6 PilotMonitor algorithm Recall thresholds and previously submitted pilots for site 2. Set: available slots = maxpilots threshold submitted pilots 3. If (available slots <= 0) 4. Then: Do not continue (do not submit more pilots) 5. Query TaskQueue about tasks that can run on this site 6. For each group of enqueued tasks: 7. If (enqueued tasks < inactive pilots) 8. Then: mark inactive pilots as active, mark tasks as covered 9. Else: If (available slots > number of tasks) 10. Then: send more pilots, mark tasks as covered 11. if (idle pilots < minidlepilots): 12. Then: send more pilots 13. if (submitted pilots < minpilots): 14. Then: send more pilots This calculation is then passed to the PilotManager component which submits the pilot jobs to a given site. B. Cache replacement algorithms On a worker node, each pilot job will have limited space available for caching so an efficient caching replacement algorithm is required for managing the cache on worker nodes. There are many caching algorithms [30] that can perform this task including the traditional algorithms such as First-In-First-Out (FIFO), Least Recently Used (LRU), and Least Frequently Used (LFU). The traditional algorithms offer low overhead as they need minimal information, such as reference count and last access time, for their cache replacement policies. Here reference count means the number of times a file has been accessed in the past and the last access time means the time at which a file was last accessed. Some improvements have been made in these classical algorithms namely LFU-*, LFU-again, LRU-K [31], and LCB-K [32]. These improved algorithms such as LFU-* remove the cache pollution problem faced by LFU. The LCB-K and other cost sensitive cache algorithms [30] consider the cost of data removal from the cache. However, these improved algorithms store extra information to deal with issues that occur with the traditional algorithms. The nature of the CMS Tier0 workflow favours the LRU algorithm because once a step has been completed and its output has been merged, the smaller files are no longer required in the following steps. These smaller files are only required by the jobs that were generated at the same level in the workflow hierarchy. The jobs in the following steps use the data from the merged output that has been produced from the smaller files in a previous step. Moreover, the jobs in the CMS workflow do not directly interact with the pilot job s caching component for a cache lookup because they use the TFC to locate the physical location of a file. For these reasons, it is somewhat difficult for the cache component to maintain a reference time history or the reference count, used by the LFU, for each file in its cache. Consequently, for our prototype implementation, we have used LRU because of its simplicity and its compatibility with the CMS workflows. C. Data Caching policy A pilot job running on a worker node can control resources for the time it is allowed to run. Each real job, running within the pilot job, will consume some input files and generate some output files. Apart from executing a real job, the other important task of a pilot job is to maintain these data files in its cache. The caching policy must adhere to the requirements and constraints detailed in the following paragraphs. Each running pilot job will be given a certain amount of disk space. The pilot job uses this space to download real jobs and maintain output files. This space will become the pilot job s cache area. This space is configurable at the site level and this is decided by the site administrator. In CMS, each job is given a 10 GB space on the disk. Each pilot job will also get at least 10 GB space that acts as the maximum allowed space for the data storage. Since the jobs are executed within the pilot job space, as shown in Figure 5, we will always need a minimum space available at any given time. This minimum space is used by the real job to temporarily store its output that has been produced from the job execution. Let us call this required minimum space a Min Threshold. The total space that can be utilized for caching data can be given as: Cache = Max Min Size Space Threshold This ensures that we always use the maximum allowed space for caching purpose by always keeping the minimum available space for the job execution. Let us say we have a set F of n cache files {f1, f2, f3 fn} each having the sizes {S1, S2, S3 Sn} respectively such that their collective sum is less than or equal to cache size n Si Cache Size i=1 For example, a job produces a new file X which is required to be placed in the data cache. The file X would become part of the cache if the required space is available. If the remaining space in the cache is insufficient to accommodate this new file, then we need to remove some files from the cache. The LRU algorithm should remove files from the cache such that the sum of the removed files matches the following criterion. m Si RequiredSize i=1 Where RequiredSize is the size of the new file for which the cache replacement algorithm will create space in the cache. D. Cache sharing among pilots on same Worker Node On execution if resources are available at Tier0 at CERN, multiple jobs can run in parallel on a single WorkerNode (WN). Therefore, it is possible that multiple pilot jobs may land on the same WN. The usage of the cached data will become more effective if these pilot jobs can share their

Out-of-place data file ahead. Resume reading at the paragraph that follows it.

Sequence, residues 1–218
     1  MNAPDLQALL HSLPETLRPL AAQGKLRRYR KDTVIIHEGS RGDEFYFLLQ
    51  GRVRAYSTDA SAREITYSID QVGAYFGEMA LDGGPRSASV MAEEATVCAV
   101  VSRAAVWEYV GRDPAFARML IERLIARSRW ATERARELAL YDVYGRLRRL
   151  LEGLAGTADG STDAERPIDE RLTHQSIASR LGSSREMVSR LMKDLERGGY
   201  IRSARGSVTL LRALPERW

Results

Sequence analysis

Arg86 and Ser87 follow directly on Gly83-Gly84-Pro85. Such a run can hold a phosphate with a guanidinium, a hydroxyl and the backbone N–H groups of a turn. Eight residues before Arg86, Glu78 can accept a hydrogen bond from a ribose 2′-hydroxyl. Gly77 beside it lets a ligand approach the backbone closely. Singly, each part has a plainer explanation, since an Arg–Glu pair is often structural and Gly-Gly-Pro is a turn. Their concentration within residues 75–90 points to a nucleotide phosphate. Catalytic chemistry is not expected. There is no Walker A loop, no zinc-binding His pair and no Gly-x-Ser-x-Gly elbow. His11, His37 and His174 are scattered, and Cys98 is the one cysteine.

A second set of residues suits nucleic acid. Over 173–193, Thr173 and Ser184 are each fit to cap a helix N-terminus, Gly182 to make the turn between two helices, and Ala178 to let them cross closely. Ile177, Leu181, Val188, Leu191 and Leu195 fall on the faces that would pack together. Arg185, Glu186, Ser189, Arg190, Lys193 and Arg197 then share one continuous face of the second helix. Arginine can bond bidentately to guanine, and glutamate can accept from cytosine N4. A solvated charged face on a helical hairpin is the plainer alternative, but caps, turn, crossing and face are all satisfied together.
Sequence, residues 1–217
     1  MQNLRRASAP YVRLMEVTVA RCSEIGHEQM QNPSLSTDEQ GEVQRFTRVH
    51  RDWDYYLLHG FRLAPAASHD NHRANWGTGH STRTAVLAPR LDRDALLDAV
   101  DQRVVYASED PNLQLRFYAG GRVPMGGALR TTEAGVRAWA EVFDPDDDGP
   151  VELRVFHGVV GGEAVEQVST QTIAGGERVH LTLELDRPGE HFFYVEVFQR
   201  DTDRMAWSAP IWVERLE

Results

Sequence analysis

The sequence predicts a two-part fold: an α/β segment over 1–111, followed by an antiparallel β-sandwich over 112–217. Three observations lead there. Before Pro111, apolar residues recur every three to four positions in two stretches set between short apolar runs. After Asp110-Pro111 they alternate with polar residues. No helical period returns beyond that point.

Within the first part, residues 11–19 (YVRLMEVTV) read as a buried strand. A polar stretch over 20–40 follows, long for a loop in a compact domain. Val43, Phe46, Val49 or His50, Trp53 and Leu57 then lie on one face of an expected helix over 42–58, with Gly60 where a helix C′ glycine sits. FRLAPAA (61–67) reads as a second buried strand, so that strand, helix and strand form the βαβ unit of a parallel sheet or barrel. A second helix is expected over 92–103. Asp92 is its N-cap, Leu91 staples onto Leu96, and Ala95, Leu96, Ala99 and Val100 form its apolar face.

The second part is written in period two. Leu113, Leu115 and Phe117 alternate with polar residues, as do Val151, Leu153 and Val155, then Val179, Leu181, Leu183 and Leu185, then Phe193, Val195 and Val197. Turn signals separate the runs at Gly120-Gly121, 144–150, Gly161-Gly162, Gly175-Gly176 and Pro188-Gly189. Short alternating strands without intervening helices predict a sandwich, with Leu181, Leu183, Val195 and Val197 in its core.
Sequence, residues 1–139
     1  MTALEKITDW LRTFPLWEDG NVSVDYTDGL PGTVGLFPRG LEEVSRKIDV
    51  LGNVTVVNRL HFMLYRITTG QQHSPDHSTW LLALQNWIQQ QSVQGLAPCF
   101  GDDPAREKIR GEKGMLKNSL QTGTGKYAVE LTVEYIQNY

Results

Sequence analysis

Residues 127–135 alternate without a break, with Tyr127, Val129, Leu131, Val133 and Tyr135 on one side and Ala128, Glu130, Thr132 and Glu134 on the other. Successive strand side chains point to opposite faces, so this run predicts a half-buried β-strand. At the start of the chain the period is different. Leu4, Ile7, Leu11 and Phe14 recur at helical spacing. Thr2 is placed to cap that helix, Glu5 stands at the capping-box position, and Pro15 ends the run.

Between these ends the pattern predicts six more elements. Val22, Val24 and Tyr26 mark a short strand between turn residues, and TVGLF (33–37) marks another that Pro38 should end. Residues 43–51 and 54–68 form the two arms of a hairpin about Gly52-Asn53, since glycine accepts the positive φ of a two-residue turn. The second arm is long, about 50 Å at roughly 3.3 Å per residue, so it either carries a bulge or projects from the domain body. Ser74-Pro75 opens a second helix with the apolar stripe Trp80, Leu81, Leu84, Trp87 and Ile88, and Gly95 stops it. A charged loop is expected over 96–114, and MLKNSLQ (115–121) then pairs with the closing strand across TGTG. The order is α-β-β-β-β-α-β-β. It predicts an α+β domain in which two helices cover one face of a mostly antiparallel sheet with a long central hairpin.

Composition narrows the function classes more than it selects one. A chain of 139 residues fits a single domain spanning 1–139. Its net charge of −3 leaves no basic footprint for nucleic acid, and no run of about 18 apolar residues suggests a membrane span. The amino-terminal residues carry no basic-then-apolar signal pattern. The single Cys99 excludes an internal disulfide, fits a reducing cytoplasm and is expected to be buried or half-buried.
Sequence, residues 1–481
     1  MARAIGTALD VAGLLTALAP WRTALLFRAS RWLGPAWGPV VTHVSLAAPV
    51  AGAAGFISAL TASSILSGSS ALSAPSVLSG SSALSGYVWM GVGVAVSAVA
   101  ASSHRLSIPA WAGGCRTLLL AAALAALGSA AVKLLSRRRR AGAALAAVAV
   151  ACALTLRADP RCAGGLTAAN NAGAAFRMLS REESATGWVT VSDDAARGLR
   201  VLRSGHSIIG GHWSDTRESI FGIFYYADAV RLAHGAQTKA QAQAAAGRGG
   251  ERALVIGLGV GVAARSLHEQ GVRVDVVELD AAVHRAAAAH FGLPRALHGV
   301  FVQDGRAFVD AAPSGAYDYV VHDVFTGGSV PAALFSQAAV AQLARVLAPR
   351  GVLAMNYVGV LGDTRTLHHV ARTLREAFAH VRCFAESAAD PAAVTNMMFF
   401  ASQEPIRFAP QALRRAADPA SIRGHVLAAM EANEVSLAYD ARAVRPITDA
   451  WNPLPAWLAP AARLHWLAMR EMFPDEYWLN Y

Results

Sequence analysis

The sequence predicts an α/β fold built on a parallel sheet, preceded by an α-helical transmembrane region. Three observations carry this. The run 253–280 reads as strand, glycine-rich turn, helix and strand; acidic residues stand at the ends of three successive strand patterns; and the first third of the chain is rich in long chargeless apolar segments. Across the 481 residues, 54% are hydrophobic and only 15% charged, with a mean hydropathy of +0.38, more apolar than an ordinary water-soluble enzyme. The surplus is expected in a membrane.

7 7 cached data. Since the cached data is available and accessible locally, there will be low data access latencies if the jobs can access the shared cache. The cache sharing concept becomes even more helpful in the scenario when Pilot1 is running a job which needs a file available in the cache of Pilot2 that is running on the same WN. A real job does not need to access an SE if pilots can locate and then share this cached data. This will also increase the cache hit rate. We propose an approach that is called cache-per-host to establish cache sharing among the pilot jobs running on the same WN. Here we assume that the pilot jobs share the same file system on a WN. In the case of CMS, all the pilot jobs run under the same user id or the users belong to the same group, therefore they can access each other's directories. When a pilot job arrives on a WN and registers itself with the TaskQueue, the TaskQueue sends back the list of other available pilot jobs on that WN and their cache locations in response to this register request. The pilot job will then save this list and poll the given locations for new cache files. A Unix hard link to a newly found file is created into the pilot's own cache area and the file is placed into the cache by using the LRU algorithm that has been discussed previously. In this way, the file remains in the system even if the original owner of that file deletes it. A file is removed from the system only if its last link is deleted. At this point, a pilot job that prompted the file delete operation will notify the TaskQueue about this. In cache-per-host, the total space available to a pilot job on a worker node for data caching is dynamic. It is calculated as a function of the number of pilot jobs on that worker node, the maximum space allowed to each pilot job and the Min Threshold. The following equation shows this model where num_pilotjobs is the number of pilot jobs on that worker node. Cache Size = Max Space num _ pilotjobs Min Threshold Since the pilots can shut themselves down or new pilots can arrive on the same WN at random, a mechanism is required to update the running pilot jobs about the other available pilot jobs on a particular WN. This is achieved by making use of the 'Heartbeat' message, which a pilot job regularly exchanges with the TaskQueue. This message informs the TaskQueue that a pilot job is alive. In response, the TaskQueue provides the pilot with an updated list of other pilot jobs on the same WN. In this way, each pilot job updates itself about every other pilot job running on the same WN. When a pilot job polls the given pilot jobs' locations if that location is not accessible, then the pilot job removes that entry from its list and that particular pilot job is assumed to be dead. Each pilot job will update its list of the pilot jobs after each 'Heartbeat' message. E. Cache sharing among pilots on same Worker Node Each job placed in the TaskQueue provides its requirements, such as its preferred site and input files. When a pilot job submitted to a worker node starts execution, it will contact the TaskQueue to get a job that meets its requirements. The request to the TaskQueue includes its PilotID, Host, SE, Time-to-Live (TTL) and cached files. In this request, PilotID is the id assigned to each pilot job during its registration with the TaskQueue, Host is the name of the worker node where the pilot job is running, SE is the name of the storage element accessible to the pilot job in that particular site and the cached files are the files available in the pilot job s cache. The TTL is the remaining life of a pilot job. In the current implementation for the Tier0, the pilot jobs can run forever because resources are dedicated to Tier0 operations. But this information will be configurable in future implementations and will be added into the job scheduling process. The TaskQueue performs the job scheduling by comparing job requirements against the pilot job information. The scheduling algorithm must schedule a job to a pilot job whose maximum requirements meet the information provided by the pilot job. The caching information is used to match job data dependencies against the files maintained by the pilot job. The TaskQueue schedules a job to a pilot job that has the maximum number of jobs required files in its cache. A job, arriving on a pilot job that holds some of the required files in its cache, will face less data latency since it can find some or all of its required files in the pilot job s cache. The job without any specific requirement can be scheduled onto any pilot job. In order to provide improved job scheduling and to use cache more effectively, we implemented a waitfordata policy alongside the above mentioned scheduling model. According to this policy, when a pilot requests a job but cannot match the data dependencies of a job, the TaskQueue would not schedule the job to the pilot if there are other idle pilots holding the required data. The TaskQueue would wait for these idle pilots to eventually request a job. In this way, the scheduling process encourages the maximum number of reads from the cache. However, if there are no other pilots that hold the required data or they are not idle, the TaskQueue will schedule the job to a pilot that does not have the required files instead of keeping the job for an unknown period of time, because, as a last resort, a job can always access data from an SE. Fig. 6. Effect of pilot-based system on the Tier0 workflow turnaround time V. EXPERIMENTAL RESULTS A series of experiments have been conducted at CERN s